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The Solo 01 Is the Tiniest Home Strapped to a Rickshaw
Even in the world of tiny houses, this thing is incredibly diminute. Solo 01 is perhaps the smallest tiny residence in the world, proving you don’t need a lot of space in order to lead a relatively comfortable life.

The Solo 01 Is the Tiniest Home Strapped to a Rickshaw

The Solo 01 prototype is a tiny mobile house that bolts onto a rickshaw, has all the creature comforts of homeThe Solo 01 prototype is a tiny mobile house that bolts onto a rickshaw, has all the creature comforts of homeThe Solo 01 prototype is a tiny mobile house that bolts onto a rickshaw, has all the creature comforts of homeThe Solo 01 prototype is a tiny mobile house that bolts onto a rickshaw, has all the creature comforts of homeThe Solo 01 prototype is a tiny mobile house that bolts onto a rickshaw, has all the creature comforts of homeThe Solo 01 prototype is a tiny mobile house that bolts onto a rickshaw, has all the creature comforts of homeThe Solo 01 prototype is a tiny mobile house that bolts onto a rickshaw, has all the creature comforts of homeThe Solo 01 prototype is a tiny mobile house that bolts onto a rickshaw, has all the creature comforts of homeThe Solo 01 prototype is a tiny mobile house that bolts onto a rickshaw, has all the creature comforts of homeThe Solo 01 prototype is a tiny mobile house that bolts onto a rickshaw, has all the creature comforts of home
The industry of tiny movable homes is seeing a boom right now, thanks to the fact that they promise more sustainable, less costly abodes to people who also favor relative freedom. As of right now, tiny homes, especially the mobile versions, are expensive to buy but relatively cheap to run and maintain, which makes them a good bargain in the long run.

This little thing, were it ever made, would probably be cheap as dirt from the start. Not only is it incredibly small, but it’s also made from scrap metal and salvaged materials, which would lead to a lower asking price. Designed by India’s The Billboards Collective and architect Arun Prabhu N G, it is a study into affordable housing for those with limited means.

The Solo 01 is six feet by six feet (1.8 x 1.8 meters) abode with 36 square feet (2.41 square meters) of available space, maximized vertically. The idea behind it wasn’t to create an actual tiny home but rather a prototype that showed how space could be used to provide shelter to those with limited financial homes. In other words, the Solo 01, while an admirable feat, will never be made commercially available.

Designed with a single occupant in mind, this tiny home includes anything from a sun terrace to a working space and even a bathtub. Living space is layered, with the bottom floor occupied by the kitchen area and the bathroom. Upstairs is the sleeping area and the work area, with the latter being represented by a pull-down table large enough for a laptop. Up top there’s a terrace with an umbrella, so whoever lives inside can catch some sun or enjoy the open air.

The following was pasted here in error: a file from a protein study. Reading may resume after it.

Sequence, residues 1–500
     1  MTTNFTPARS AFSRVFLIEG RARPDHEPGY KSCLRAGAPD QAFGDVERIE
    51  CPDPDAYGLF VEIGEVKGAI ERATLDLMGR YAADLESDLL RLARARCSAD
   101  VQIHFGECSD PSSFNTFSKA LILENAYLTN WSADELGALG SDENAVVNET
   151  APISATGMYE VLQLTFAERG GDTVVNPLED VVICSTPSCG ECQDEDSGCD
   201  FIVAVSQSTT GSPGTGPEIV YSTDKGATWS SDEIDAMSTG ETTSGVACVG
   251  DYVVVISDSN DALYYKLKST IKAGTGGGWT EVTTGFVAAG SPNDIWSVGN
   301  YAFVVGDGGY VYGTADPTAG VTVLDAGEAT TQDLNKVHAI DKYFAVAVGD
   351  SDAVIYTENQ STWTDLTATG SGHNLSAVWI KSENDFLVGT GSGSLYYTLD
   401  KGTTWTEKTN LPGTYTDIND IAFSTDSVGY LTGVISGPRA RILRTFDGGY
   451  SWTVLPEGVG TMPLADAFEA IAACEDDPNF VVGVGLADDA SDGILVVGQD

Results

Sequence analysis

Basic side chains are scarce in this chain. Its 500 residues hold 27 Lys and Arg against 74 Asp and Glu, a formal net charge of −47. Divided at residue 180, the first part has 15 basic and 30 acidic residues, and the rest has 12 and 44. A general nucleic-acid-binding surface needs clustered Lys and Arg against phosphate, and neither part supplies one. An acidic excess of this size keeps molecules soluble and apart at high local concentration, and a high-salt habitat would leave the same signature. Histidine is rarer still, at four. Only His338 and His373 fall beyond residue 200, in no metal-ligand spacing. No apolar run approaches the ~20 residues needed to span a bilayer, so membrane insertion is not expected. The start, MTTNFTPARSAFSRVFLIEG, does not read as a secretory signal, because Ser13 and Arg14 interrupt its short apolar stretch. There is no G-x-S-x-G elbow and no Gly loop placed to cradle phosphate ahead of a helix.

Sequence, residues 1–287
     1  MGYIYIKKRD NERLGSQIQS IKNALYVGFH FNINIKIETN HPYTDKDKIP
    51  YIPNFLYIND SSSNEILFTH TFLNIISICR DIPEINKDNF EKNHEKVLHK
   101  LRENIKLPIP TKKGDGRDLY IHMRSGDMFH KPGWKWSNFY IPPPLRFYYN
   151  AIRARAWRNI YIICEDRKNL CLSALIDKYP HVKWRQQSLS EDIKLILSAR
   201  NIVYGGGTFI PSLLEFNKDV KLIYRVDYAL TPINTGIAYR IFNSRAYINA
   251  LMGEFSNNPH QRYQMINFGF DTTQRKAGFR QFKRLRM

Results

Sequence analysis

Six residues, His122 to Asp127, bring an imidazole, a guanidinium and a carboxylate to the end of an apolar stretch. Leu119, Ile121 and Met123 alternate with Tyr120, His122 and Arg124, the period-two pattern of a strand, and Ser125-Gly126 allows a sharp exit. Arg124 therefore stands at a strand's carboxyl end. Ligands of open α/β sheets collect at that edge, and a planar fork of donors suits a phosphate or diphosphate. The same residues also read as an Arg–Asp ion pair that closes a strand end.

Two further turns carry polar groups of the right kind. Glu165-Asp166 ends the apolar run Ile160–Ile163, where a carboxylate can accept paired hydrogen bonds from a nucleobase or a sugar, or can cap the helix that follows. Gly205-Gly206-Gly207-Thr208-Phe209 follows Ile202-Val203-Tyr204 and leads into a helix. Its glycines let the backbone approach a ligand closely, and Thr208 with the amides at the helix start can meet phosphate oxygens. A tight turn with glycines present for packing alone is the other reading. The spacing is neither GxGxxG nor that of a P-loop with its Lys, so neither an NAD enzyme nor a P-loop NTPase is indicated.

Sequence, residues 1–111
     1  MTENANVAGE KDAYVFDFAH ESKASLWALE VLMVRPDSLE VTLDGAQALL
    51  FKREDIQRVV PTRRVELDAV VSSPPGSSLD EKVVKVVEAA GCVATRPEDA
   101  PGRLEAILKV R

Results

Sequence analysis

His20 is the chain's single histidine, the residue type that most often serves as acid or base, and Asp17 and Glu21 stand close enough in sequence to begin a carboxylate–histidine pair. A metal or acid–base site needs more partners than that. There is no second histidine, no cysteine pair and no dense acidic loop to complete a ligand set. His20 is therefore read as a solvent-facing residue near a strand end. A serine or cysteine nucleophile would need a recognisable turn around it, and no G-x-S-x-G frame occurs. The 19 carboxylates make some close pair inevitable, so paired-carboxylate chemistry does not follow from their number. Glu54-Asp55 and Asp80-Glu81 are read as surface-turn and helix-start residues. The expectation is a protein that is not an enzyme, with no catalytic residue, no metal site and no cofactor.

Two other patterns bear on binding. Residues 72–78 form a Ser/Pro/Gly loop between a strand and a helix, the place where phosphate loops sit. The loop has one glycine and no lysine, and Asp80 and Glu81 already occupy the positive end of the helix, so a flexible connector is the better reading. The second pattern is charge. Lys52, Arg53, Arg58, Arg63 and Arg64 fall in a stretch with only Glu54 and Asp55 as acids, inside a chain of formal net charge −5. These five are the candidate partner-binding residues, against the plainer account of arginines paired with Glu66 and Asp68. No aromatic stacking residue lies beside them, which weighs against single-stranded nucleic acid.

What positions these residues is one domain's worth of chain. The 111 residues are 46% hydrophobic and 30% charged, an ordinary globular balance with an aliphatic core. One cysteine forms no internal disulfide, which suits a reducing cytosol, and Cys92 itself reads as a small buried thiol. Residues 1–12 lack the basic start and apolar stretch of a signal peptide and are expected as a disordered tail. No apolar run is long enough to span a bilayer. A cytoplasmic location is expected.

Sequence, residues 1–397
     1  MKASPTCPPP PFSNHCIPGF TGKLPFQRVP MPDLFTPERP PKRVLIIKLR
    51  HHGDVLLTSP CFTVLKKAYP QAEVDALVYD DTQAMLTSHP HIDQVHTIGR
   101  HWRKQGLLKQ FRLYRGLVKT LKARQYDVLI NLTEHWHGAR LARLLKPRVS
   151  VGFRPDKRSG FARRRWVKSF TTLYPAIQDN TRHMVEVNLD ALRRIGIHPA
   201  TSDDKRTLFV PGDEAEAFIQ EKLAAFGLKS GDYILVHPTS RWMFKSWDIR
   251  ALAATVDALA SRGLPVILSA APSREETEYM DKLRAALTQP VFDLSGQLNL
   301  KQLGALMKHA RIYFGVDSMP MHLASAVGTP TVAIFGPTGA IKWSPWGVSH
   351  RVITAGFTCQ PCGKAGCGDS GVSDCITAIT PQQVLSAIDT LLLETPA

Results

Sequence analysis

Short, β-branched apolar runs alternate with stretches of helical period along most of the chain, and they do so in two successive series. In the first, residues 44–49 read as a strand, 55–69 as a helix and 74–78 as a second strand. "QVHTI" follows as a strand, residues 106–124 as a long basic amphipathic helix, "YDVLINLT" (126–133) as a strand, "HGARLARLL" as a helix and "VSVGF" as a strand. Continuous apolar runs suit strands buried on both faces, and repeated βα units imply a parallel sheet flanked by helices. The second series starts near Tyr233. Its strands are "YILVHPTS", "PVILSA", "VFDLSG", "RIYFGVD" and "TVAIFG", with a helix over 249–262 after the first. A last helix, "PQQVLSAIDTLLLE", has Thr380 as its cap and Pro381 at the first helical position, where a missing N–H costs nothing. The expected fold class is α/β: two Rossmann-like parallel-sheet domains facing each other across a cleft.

The tiny home is even provided with solar panels, which would presumably help run home appliances (such as they are), an extendable clothing rack and a display case in which small-scale vendors could put up their products to attract buyers. It even has a 250-liter (66-gallon) water tank attached to it, which makes it ideal for when it’s on the move.

Prabhu says that, despite the small space available, Solo 01 can be made to feel more spacious. You simply open up all the windows and doors, to let fresh air in and, with it, the impression that you’re not living in a metal box.

Speaking of which, Solo 01 is made from scrap metal to cut down costs. For the prototype, Prabhu used spare parts from buses and salvaged materials from demolished buildings. The best part is that this tiny house is then strapped to a three-wheel rickshaw, which makes it more or less a camper because it’s mobile. When it’s used as a more permanent base, it can be detached from the rickshaw so that it sits on the ground.

Obvious issues of balance (given its height, this thing could easily topple over in strong winds) or steering (turning could turn out to be quite a challenge) aside, Prabhu says Solo 01 was designed to be utilitarian. He refuses to call it a minimalist home because it has “various nooks and crannies, all perfectly designed for their purpose” and because it could be the perfect, temporary home for vendors, construction workers or even homeless people. It could also be used by lone travelers or in case of natural disasters, offering temporary shelter for those whose homes have been destroyed.

“Though unspoken about, small scale architecture is the most relevant in India and is often scrutinized for being underutilized in terms of space,” Prabhu says. “Our vision is to shine a light on how to constantly improve the way of life of people around us without space or budget as parameters. Solo 01 is our first step towards achieving that goal concentrating on temporary and portable housing concepts in India.”

As such, it is a success. It would probably be a hit, too, if it were made commercially available but we’ll never know for sure.

Editor's note: This article was not sponsored or supported by a third-party.

 
 
 
 
 

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